Three ways Metro’s police dollars would be better spent

If the Metro board is sincere in its desire to address public safety, it should allocate resources toward programs that actually work. Metro’s Transit Ambassador and mental health outreach programs have been successful. Metro’s costly efforts to police our way to safety have failed. Expanding the programs that have been working will do more to address public concerns than creating a new expensive police force.

Here are three ways that money could be better spent:

Invest $70 to $100 Million in the Ambassador Program

Metro’s justification for police spending is often couched in the claim that police provide a visible presence, making riders feel safer. However, many people, especially the riders of color who constitute the majority of Metro’s ridership, do not feel safer in the presence of police (Black riders are routinely targeted by police and receive the majority of fare evasion citations on Metro).

In contrast, Metro Transit Ambassadors — the unarmed Metro workers who offer riders hospitality, navigation help and connections to social services — have a proven record providing the positive safety presence that riders need. Sixty-three percent of Metro riders surveyed say they feel safer in the presence of ambassadors and ambassadors have saved over 70 lives on Metro in the past year, showing that they are more effective at ensuring rider safety than police. The success of the program is even more remarkable when considering their current budget ($20 million) is just a fraction of the police budget and that they are contracted workers with low pay. Imagine what their efficacy could be with better pay and training!

Metro Board Members Dutra, Mitchell, and Dupont-Walker, Metro CEO Stephanie Wiggins, Compton Mayor Emma Sharif and Compton City Councilmember Andre Spicer stand with Ambassadors and community members at ACT-LA’s Compton Station activation that centered care-based safety strategies in September 2022

Metro has plans to bring ambassadors in-house. We support those plans and recommend budgeting between $70 to $100 million for the program, in order to double the number of ambassadors and expand their coverage to elevators and buses. Additionally, this funding should be used to increase ambassadors’ pay to a housing minimum wage and provide ongoing trauma-informed care training, support systems and professional development opportunities. Creating high-road careers for ambassadors will ensure they feel supported and valued, improving morale so they can continue to engage with riders thoughtfully and allowing them training opportunities to develop skills that will have positive returns for public safety.

Invest $80 to $100M in Mental Health and Homelessness Outreach Budget

Los Angeles is experiencing intersecting mental health and housing crises that often get treated as criminal rather than as the public health issues that they are. Police, including those on Metro, get deployed to address these issues, which cannot be solved through criminalization. The job of police officers is to restrain, cite and arrest people, not to connect an unhoused person or opioid user to the resources or support services they need. Indeed, approximately 40% of police shootings involve someone in the midst of a mental health crisis, demonstrating the violent and inappropriate methods police use with individuals in crisis.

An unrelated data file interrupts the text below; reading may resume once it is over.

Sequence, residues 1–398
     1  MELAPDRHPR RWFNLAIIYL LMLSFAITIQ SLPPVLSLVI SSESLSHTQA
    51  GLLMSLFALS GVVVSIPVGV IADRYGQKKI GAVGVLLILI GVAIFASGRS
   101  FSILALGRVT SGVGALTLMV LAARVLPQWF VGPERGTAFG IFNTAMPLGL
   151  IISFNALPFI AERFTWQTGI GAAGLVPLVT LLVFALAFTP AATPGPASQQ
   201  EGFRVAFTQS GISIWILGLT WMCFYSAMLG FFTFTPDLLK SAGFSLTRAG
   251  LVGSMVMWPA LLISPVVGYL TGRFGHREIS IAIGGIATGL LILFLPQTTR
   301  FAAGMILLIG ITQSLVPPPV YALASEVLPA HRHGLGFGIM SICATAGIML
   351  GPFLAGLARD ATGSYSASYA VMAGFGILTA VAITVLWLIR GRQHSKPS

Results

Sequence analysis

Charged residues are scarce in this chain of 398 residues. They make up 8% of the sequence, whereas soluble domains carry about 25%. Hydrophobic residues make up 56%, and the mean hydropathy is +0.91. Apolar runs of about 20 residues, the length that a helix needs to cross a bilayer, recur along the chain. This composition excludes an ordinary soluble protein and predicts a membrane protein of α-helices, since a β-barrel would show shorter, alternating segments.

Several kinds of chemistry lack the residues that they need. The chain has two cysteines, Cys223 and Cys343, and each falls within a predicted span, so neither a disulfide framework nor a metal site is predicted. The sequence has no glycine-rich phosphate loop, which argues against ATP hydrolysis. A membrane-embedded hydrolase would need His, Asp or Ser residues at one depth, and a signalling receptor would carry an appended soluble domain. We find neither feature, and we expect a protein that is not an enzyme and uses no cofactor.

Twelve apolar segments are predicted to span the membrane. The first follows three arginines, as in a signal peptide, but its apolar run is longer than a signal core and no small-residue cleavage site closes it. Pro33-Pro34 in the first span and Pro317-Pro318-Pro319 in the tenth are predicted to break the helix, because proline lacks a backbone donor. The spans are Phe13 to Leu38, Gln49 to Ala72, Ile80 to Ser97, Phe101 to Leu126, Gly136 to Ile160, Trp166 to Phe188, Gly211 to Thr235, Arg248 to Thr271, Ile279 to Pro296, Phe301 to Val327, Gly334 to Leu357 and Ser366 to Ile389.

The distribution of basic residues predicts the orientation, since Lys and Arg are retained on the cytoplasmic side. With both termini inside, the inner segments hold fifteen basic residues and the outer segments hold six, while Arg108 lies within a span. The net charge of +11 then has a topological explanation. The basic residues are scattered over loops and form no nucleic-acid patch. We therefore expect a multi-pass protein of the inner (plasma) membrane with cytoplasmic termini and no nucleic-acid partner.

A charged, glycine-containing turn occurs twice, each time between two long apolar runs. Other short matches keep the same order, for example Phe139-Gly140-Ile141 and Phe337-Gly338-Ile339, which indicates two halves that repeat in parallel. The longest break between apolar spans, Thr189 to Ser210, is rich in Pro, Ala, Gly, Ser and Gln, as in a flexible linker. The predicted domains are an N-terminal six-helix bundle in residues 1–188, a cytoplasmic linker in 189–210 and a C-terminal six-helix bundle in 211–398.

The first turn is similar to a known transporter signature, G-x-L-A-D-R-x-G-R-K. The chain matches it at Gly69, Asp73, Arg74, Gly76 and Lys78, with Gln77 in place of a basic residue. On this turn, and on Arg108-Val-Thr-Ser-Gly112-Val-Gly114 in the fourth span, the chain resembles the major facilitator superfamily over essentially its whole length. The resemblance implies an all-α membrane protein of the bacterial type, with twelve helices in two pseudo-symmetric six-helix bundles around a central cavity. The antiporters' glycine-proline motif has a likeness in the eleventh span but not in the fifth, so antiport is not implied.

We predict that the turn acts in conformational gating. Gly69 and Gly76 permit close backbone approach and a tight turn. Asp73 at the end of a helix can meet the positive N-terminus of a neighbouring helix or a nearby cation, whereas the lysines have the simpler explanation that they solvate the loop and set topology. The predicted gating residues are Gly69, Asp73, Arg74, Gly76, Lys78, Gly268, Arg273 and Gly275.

Metro dedicates resources, contracting social service providers including People Assisting the Homeless (PATH) and the Los Angeles County Department of Health Services (DHS), to connect riders to mental health and housing services. However, these programs focus on the rail system only, neglecting buses. Additionally, Metro is not meeting the scale of need; the agency estimates that around 800 unhoused people ride the system nightly, but currently only funds about 150 shelter beds. To address these crises, we recommend that Metro expand these programs’ coverage to buses, invest more money in creating shelter beds, and revive its subsidy for permanent supportive housing for currently and formerly unhoused, similar to Metro’s 2017 MATCH loans. In order to help with recruitment and make sure outreach workers are well supported and valued, we also recommend that Metro increase these workers’ pay to a housing minimum wage.

Outreach workers provide services and resources at the 2022 Compton Station activation

Dedicate $30 to $45 Million for an accessible Public Restroom Program

Metro riders and the media frequently bring attention to the persistent problem of public urination and defecation at stations and stops. These complaints contribute to perceptions of a degraded system and feelings of unsafety; when people feel uncomfortable, they may also feel agitated. The obvious solution to diffuse this safety issue is to create bathrooms for riders’ to address their basic human needs.

Metro is currently partnering with Throne on a restroom pilot that has seen a significant reduction (50%) in urination and defecation at stations where implemented. However, this pilot relies on smart phone technology and acuity with downloading and signing into an app for access, excluding riders with insufficient resources who may need access to public restrooms the most. Furthermore, Metro has numerous bathrooms already at stations, which remain inaccessible to riders.

We recommend that Metro use $30 to $45 million to open its bathrooms to the public and staff them with 24/7 attendants who can periodically clean, restock, and interface with riders.

Riders use restrooms attended by staff at the 2022 Compton Station activation

Want to learn more? Check out these resources:

ACT-LA’s Metro as a Sanctuary Report and One-Pager

ACT-LA’s Op-Ed in the LA Times on Choosing Care-Based Safety over Policing

TransForm Report on Reimagining Transit Safety

To view more from ACT-LA see our blog here.